Long-awaited legislation to reform Michigan's insurance code is expected to be introduced within the next two weeks by Rep. Tom Leonard (R-Dewitt), chairman of the state insurance committee.
Ever since Detroit-based Blue Cross Blue Shield of Michigan won state approval in 2013 to convert into a nonprofit mutual health insurer from its 33-year run as the state's insurer of last resort, competing health insurers have been expecting the state to heed their calls to update and modernize the state's 60-year-old insurance code.
"We just want a level playing field," said Rick Murdock, executive director of 17-member Michigan Association of Health Plans.
In 2012, during the debate over Blue Cross conversion to a mutual, Murdock said without reforming the state insurance code, Blue Cross would only solidify its 70 percent-plus market dominance.
"These practical changes would allow health plans to bring products to market more quickly" and comply with Gov. Rick Snyder's call to streamline state government, said Dominick Pallone, MAHP's deputy director.
Leonard was unavailable for comment last week. The insurance code changes would affect chapters 34 to 37, which govern disability insurance policies, HMOs, group and blanket disability insurance and small group health coverage, respectively.
Pallone said one major code change would allow HMOs to provide administrative services-only products to business customers through the HMO organization.
Current insurance code requires HMOs to set up separate subsidiaries to sell contracts to companies that wish to self-insure.
Murdock said the change would reduce costs and increase efficiency for the insurers, and allow employers to smoothly shift to a self-insured model within the same insurer if they wish.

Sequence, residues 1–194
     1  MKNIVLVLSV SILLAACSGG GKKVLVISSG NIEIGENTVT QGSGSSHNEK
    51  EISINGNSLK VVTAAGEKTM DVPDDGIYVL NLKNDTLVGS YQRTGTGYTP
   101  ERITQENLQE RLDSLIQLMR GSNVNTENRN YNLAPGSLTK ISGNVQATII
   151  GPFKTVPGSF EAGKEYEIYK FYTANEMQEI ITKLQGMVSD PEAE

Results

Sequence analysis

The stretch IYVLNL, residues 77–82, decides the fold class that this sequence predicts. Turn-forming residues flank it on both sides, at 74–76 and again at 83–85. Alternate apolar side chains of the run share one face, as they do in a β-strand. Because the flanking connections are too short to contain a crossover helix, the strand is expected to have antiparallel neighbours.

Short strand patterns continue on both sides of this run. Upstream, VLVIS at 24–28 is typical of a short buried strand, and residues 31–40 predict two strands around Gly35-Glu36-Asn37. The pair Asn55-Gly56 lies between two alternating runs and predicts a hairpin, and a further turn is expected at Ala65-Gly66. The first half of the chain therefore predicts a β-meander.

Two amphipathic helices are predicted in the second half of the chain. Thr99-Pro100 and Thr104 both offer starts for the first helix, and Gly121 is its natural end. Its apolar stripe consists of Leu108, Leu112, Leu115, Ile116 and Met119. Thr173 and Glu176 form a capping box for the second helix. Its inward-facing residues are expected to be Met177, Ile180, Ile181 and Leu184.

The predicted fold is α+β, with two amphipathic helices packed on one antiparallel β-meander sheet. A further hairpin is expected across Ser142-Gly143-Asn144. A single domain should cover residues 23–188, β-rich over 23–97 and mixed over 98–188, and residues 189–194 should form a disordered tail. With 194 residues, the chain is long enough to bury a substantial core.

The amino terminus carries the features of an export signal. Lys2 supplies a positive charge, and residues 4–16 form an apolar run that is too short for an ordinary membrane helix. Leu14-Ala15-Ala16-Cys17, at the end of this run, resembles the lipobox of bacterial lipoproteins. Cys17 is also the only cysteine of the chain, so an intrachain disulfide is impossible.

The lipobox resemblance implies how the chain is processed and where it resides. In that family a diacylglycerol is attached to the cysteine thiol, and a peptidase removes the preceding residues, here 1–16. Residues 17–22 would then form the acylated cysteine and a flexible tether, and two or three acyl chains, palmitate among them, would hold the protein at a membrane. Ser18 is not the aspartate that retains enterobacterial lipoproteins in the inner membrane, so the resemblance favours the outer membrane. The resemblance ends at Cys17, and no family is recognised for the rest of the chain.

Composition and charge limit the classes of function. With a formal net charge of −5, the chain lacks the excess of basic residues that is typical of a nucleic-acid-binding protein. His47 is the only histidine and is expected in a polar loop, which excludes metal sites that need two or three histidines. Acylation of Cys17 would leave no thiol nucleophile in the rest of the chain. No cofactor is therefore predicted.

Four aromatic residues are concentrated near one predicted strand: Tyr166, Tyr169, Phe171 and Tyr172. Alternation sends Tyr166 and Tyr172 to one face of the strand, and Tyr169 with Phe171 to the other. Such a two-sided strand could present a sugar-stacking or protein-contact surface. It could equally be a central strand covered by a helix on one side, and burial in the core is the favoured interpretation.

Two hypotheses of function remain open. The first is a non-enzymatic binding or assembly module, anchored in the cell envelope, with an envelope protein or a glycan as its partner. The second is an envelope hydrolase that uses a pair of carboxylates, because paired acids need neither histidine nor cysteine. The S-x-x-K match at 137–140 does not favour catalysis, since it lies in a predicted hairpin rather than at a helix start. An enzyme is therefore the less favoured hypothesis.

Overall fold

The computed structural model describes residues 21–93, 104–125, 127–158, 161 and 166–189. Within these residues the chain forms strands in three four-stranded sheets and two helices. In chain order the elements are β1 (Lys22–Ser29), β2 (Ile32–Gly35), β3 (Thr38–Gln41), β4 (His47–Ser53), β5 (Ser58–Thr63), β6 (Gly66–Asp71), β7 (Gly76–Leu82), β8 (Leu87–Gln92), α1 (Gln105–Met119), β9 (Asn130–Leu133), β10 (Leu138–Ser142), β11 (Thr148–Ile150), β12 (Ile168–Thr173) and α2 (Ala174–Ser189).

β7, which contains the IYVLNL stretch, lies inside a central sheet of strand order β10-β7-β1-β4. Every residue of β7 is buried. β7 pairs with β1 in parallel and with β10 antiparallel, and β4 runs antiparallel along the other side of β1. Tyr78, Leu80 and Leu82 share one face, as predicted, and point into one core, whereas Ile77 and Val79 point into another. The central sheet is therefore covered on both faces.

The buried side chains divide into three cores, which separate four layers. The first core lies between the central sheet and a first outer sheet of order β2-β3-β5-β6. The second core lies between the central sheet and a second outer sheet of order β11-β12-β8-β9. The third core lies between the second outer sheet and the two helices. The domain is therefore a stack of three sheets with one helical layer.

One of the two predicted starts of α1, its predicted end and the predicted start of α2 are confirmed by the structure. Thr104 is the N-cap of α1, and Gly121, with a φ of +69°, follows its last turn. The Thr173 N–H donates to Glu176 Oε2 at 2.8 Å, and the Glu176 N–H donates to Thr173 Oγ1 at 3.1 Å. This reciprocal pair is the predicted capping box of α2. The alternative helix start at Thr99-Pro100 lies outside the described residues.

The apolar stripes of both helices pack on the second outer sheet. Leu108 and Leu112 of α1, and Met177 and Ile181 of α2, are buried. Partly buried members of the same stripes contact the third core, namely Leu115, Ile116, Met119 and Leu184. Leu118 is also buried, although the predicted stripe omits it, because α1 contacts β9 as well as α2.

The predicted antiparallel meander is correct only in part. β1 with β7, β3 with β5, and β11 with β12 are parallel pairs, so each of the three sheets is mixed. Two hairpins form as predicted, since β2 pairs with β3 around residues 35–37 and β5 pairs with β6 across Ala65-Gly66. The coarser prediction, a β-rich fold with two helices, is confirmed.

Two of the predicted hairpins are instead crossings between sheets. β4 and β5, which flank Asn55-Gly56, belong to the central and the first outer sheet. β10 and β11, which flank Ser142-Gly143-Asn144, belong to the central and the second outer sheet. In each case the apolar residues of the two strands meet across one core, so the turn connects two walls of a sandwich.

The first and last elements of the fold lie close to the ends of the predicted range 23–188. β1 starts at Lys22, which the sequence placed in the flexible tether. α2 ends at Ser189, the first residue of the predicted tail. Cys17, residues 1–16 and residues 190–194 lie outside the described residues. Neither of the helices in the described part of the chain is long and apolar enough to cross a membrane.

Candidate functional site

Several HMOs already have set up separate companies, including Priority Health and Health Alliance Plan.
Another code change would grant the state Department of Insurance and Financial Services flexibility to approve product changes unless expressly prohibited under the code.
"This is a modernization approach. We'd like wellness plans to incentivize behaviors to encourage people to get healthier," Pallone said.
While Murdock said discussions have been held between stakeholder groups, including Blue Cross and auto insurers, only one change — time needed to complete rate approvals — has generated any controversy.
Pallone said MAHP wants the maximum time for DIFS to approve rates and product filings to be set at 60 days, which is what it is now. DIFS wants to extend that time to 90 days, he said.
"The insurance department says they need more time because all insurers submit information (for the insurance exchange) the first of the year" and the department is overloaded with work, Pallone said. "There may be a conflict there."
Andrea Miller, DIFS' public information officer, said negotiations with MAHP have been productive. "We will continue to discuss our need for additional approval time and hope we can come to an agreement on that as well," she said.
Other proposed changes to the insurance code include the following:
- Allow insurers to submit documents exclusively through electronic communication. Codes now require electronic and hard copies to the insurance department.
- Create a clear definition of a health insurer, which includes health maintenance organizations, or HMOs. This would avoid confusion between HMOs and health insurers, which also offer PPO products.
- Eliminate outdated requirements for insurers and HMOs to offer indemnity policies.
- Clarify that insurance mandates only apply to health insurance, not auto, life, property and casualty insurers.
- Add provisions that address problems when policyholders sign up for coverage, use the policies, but don't pay premiums.
- Enable Michigan to use its own external consumer complaint resolution process and allow 60 days for consumers to appeal decisions from insurers that could include coverage or referral denials.
- Centralize all codes regulating health insurance into chapter 35.